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Memory Management

On MASSIVE, nodes have 12-16 CPU's and 48-192G's of memory (see Resources). While running SLURM job scripts many jobs only require a small amount of memory, so to prevent excessive memory use a default of 1000M per processor (~1GB) has been applied. To use more memory users can request a specific amount in the job script. If a job uses more RAM than has been requested it will be killed by the scheduling software to protect other jobs on the node. If your job is killed you will see an error "Exceeded job memory limit".

We recommend that users use multiples of 1000MB rather than 1GB (where, due to binary, the multipler is 1024MB not 1000), so that jobs fit efficiently on to a node. The actual memory available is 47GB/48389MB of RAM for a "stage one" 12 core node, this will fit 12 jobs using 4000MB but only 11 jobs using 4GB (1 core will be wasted). Newer "stage two" 16 core node have 62GB/64398MB. Also requesting memory in GB may stop jobs running at all (without error), for example requesting 64GB will not run as no compute node has this amount of memory, however 64000MB will fit on a "stage two" compute node.

 

Specifying Memory in Jobs

To specify memory requirements use the "--mem-per-cpu" (memory per process) option.

Below are some examples requesting various combinations of resources as well as memory for including in a SLURM script (see: running SLURM job scripts for more details on what these options mean). 

 

Compute Nodes (48GB available)

# Memory request to take all memory (MB) on a standard node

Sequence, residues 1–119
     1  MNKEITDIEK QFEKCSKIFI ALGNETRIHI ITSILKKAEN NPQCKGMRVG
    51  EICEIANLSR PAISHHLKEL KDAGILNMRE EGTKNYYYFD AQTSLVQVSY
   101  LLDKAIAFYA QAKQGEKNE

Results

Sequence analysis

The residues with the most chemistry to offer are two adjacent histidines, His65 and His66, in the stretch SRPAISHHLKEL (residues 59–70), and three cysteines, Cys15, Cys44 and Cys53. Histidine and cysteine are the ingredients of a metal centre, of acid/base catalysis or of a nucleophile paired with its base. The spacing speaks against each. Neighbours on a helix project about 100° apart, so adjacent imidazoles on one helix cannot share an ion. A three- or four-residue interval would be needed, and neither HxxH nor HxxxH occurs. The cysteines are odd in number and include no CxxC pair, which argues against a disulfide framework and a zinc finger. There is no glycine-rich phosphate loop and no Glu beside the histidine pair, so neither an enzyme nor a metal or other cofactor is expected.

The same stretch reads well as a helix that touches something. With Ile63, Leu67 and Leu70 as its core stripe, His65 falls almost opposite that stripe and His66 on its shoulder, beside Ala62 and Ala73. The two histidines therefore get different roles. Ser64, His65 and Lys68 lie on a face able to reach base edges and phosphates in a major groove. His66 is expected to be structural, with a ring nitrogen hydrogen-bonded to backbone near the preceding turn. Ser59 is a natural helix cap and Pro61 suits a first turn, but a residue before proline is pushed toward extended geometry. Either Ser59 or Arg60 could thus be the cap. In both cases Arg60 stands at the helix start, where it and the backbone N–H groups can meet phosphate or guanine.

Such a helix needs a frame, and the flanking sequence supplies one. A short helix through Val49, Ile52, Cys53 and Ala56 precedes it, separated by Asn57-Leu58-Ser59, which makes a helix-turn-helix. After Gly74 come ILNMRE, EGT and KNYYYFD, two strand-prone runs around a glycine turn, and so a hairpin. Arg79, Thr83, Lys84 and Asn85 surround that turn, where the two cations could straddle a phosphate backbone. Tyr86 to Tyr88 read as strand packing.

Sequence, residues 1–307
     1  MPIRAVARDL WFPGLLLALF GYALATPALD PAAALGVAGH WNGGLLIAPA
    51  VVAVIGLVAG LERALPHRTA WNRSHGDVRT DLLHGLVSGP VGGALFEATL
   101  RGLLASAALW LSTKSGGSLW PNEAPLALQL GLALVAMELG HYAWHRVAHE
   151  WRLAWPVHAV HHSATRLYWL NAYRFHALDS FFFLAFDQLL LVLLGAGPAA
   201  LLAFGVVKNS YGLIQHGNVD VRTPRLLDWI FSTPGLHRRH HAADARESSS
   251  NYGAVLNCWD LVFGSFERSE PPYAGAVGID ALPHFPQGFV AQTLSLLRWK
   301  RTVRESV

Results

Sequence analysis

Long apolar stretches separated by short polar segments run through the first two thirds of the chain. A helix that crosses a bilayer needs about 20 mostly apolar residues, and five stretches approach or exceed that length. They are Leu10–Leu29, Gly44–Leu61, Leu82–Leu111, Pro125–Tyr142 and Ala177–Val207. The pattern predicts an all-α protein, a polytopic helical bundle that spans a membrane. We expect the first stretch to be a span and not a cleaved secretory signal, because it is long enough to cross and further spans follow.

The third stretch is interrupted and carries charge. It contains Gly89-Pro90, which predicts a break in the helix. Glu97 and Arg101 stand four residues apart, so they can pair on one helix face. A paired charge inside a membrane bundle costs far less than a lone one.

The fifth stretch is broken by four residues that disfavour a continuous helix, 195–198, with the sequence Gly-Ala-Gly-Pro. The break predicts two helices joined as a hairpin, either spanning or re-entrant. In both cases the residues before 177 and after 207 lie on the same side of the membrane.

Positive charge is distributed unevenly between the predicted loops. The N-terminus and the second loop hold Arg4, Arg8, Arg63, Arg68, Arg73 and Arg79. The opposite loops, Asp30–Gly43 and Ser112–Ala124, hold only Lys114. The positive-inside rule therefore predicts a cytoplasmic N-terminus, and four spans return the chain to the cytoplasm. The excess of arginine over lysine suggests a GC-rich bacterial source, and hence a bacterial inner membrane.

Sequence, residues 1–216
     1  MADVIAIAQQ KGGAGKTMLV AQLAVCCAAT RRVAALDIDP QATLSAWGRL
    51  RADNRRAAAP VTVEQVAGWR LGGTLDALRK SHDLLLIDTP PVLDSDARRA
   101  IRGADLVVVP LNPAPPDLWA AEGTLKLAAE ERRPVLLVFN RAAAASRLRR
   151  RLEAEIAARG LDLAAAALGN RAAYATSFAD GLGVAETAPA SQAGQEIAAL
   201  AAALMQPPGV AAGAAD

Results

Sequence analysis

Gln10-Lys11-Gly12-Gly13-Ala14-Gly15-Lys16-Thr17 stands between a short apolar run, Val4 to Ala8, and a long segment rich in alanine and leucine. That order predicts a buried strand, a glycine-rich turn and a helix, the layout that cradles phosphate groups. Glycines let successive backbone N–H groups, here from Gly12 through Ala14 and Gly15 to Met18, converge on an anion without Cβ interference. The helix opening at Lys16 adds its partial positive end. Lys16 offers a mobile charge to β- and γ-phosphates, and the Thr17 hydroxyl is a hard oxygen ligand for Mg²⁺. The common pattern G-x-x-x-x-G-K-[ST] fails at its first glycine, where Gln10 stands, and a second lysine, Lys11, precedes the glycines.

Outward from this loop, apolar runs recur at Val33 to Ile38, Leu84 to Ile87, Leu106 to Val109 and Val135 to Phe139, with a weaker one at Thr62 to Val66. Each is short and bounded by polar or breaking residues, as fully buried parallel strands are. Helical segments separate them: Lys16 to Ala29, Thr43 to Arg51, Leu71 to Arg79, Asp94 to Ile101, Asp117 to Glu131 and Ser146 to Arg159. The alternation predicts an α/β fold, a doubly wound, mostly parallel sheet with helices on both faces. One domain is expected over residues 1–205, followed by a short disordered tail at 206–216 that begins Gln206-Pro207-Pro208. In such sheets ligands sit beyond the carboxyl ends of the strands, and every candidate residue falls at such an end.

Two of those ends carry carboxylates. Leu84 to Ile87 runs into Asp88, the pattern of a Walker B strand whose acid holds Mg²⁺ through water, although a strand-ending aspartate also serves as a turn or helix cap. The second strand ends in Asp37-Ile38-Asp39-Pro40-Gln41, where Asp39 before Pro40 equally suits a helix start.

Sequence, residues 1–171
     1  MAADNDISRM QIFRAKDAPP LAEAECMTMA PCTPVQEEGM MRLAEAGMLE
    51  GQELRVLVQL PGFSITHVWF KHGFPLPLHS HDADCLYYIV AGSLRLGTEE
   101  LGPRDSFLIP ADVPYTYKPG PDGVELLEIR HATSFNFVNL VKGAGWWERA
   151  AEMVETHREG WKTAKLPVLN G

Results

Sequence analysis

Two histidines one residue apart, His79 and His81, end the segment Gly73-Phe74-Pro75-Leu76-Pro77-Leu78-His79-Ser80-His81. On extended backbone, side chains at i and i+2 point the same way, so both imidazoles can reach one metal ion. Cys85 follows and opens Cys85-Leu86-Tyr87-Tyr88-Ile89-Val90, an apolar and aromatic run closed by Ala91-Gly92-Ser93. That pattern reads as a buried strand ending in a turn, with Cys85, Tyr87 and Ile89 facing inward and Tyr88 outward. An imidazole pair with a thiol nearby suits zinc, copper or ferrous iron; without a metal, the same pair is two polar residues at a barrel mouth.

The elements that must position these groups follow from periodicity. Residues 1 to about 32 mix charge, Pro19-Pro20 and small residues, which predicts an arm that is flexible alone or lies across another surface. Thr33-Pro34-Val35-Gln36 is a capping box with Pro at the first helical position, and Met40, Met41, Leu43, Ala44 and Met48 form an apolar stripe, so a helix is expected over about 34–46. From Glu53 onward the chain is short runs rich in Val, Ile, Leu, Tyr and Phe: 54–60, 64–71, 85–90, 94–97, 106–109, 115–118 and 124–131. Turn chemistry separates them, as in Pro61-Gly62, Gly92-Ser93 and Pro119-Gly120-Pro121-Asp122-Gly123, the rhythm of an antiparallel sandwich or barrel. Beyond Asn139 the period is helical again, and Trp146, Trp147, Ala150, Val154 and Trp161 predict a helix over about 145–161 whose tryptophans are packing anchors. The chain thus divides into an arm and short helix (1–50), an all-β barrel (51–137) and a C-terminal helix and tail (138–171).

#SBATCH --mem-per-cpu=48000

# Memory request to give each process ~10GB of memory
#SBATCH --mem-per-cpu=10000

Large Memory Jobs

When requesting large amounts of memory the queue system works out where jobs will fit and node memory limitations need to be considered. For example a mem request for 48000MB will mean that only one process per node can run, as the single process consumes all the memory on a single compute node and there is no memory left to service other jobs on other cores. Using 48000MB means that you may also hit the limits of MASSIVE for distributed jobs.

If you require very high memory, then contact help@massive.org.au as we may be able to allow access to Vis Nodes.

Software Specific

Some software hides the memory options from you, especially when running through a GUI. This section covers how to manage software with different software packages.

FSL and fsl_sub

FSL mainly launches jobs through fsl_sub. On MASSIVE fsl_sub has been set to use a default memory request of 4000MB. To request more use the -R command:

-R Max total RAM to use for job (integer in MB)

 

In cases where you do not have control of the memory request, please contact help@massive.org.au

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